Rivereuse: Water, Gender and Resource in Early-Modern France

SEP 21, 2018 | 5:00 PM




The Graduate Center
365 Fifth Avenue
French Loung, Room 4202


4202: French Student Lounge


September 21, 2018: 5:00 PM




French, Renaissance Studies, Women's Studies, History and Comparative Literature


Guest speaker, Katherine Ibbett is Professor of French at the University of Oxford, and Caroline de Jager Fellow in French at Trinity College, Oxford; she has previously taught at University College London and the University of Michigan. She is the author of Compassion’s Edge: Fellow-Feeling and its Limits in Early Modern France (Penn, 2017) and The Style of the State in French Theater (Ashgate, 2009), and the co-editor of Walter Benjamin’s Hypothetical French Trauerspiel (Yale French Studies 2013). She is currently working on a book entitled Liquid Empire, about the writing of water in France and the Americas.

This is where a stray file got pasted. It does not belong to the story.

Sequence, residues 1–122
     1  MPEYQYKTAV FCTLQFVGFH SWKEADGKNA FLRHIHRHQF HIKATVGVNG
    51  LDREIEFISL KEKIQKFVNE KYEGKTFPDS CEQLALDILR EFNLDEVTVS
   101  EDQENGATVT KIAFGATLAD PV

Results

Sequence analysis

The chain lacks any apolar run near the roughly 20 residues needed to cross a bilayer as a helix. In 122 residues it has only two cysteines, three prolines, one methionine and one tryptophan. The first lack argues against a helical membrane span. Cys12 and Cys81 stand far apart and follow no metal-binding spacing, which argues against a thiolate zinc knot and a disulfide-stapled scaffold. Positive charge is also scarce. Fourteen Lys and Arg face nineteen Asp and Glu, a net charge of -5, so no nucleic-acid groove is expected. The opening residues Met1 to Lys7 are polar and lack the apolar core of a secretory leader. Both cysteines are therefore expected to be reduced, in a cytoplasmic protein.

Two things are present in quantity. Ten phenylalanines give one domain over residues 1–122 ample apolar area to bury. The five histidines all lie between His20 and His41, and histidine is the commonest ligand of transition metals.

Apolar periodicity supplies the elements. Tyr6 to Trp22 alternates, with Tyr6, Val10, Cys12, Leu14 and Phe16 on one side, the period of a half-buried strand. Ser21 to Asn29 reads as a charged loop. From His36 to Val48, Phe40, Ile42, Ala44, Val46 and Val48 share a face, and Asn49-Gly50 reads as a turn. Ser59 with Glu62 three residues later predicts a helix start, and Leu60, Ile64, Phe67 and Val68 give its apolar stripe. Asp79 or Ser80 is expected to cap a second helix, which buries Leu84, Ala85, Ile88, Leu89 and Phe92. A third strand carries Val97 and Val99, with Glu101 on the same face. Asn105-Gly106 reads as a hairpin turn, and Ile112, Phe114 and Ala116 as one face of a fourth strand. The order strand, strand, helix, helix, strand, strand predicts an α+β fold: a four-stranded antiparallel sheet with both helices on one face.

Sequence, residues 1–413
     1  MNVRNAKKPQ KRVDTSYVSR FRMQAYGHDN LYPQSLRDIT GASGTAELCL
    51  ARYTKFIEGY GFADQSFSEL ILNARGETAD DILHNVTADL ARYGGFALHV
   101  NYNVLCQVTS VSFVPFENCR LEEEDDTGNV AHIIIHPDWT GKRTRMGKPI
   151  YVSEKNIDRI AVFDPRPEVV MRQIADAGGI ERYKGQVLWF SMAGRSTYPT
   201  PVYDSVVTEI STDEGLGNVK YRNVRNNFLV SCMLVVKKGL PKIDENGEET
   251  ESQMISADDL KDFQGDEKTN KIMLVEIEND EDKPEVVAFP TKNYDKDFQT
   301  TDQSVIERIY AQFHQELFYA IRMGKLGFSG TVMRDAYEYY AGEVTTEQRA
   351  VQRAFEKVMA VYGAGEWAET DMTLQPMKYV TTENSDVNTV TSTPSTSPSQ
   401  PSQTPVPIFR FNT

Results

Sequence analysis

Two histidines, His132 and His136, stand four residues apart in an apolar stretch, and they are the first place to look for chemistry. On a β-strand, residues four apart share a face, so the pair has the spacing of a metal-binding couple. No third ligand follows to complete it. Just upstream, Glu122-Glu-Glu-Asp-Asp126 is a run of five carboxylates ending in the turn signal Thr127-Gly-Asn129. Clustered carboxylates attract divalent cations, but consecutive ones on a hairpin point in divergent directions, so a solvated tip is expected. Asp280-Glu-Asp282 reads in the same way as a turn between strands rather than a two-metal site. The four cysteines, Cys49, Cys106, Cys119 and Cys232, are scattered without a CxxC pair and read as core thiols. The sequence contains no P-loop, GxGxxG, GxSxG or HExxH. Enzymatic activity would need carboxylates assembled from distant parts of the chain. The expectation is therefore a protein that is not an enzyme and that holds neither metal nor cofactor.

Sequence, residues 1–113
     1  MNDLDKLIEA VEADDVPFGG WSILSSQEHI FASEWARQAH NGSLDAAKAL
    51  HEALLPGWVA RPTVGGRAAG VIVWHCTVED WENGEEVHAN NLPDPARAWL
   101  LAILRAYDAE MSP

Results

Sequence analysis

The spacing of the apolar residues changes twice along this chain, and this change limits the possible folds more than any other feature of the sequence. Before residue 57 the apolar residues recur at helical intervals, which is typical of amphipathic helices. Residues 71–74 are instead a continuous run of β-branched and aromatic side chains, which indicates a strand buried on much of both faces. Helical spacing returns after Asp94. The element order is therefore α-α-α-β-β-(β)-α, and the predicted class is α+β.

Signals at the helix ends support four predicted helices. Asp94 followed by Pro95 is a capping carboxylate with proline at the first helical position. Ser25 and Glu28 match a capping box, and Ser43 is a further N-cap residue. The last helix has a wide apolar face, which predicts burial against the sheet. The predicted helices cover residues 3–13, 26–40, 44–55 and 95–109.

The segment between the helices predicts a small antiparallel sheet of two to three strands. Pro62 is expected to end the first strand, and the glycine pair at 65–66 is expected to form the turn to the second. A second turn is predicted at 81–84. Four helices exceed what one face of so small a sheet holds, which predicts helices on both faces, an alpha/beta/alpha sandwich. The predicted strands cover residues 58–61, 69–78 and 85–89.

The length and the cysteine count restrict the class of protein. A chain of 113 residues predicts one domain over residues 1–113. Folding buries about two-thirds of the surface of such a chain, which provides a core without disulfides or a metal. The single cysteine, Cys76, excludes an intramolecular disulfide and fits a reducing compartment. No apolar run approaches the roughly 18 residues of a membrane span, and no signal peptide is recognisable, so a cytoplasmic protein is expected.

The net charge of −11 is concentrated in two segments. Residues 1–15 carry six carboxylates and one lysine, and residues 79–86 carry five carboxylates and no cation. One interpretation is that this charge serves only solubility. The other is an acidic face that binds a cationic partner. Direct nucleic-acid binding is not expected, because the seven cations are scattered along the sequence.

Talk: This talk explores the relationship between a figurative language about rivers and a new science of hydrology in early modern France and the French Americas. How did the residents of riverbanks - from nymphs to washerwomen - navigate the significance of the river and its multiple resources?